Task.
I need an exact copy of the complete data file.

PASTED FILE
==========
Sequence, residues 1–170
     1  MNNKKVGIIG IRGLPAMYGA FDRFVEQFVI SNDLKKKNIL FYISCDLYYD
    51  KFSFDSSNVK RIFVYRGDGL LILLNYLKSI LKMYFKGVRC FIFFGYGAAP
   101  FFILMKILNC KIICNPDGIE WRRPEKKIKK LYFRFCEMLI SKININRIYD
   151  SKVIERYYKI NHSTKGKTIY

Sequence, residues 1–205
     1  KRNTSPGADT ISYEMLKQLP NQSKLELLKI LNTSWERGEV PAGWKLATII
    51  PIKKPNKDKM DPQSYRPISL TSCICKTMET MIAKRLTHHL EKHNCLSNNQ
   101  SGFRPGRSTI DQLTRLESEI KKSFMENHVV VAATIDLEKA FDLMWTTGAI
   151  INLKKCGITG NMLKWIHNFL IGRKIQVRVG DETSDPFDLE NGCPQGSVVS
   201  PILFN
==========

Sequence, residues 1–170
     1  MNNKKVGIIG IRGLPAMYGA FDRFVEQFVI SNDLKKKNIL FYISCDLYYD
    51  KFSFDSSNVK RIFVYRGDGL LILLNYLKSI LKMYFKGVRC FIFFGYGAAP
   101  FFILMKILNC KIICNPDGIE WRRPEKKIKK LYFRFCEMLI SKININRIYD
   151  SKVIERYYKI NHSTKGKTIY

Sequence, residues 1–205
     1  KRNTSPGADT ISYEMLKQLP NQSKLELLKI LNTSWERGEV PAGWKLATII
    51  PIKKPNKDKM DPQSYRPISL TSCICKTMET MIAKRLTHHL EKHNCLSNNQ
   101  SGFRPGRSTI DQLTRLESEI KKSFMENHVV VAATIDLEKA FDLMWTTGAI
   151  INLKKCGITG NMLKWIHNFL IGRKIQVRVG DETSDPFDLE NGCPQGSVVS
   201  PILFN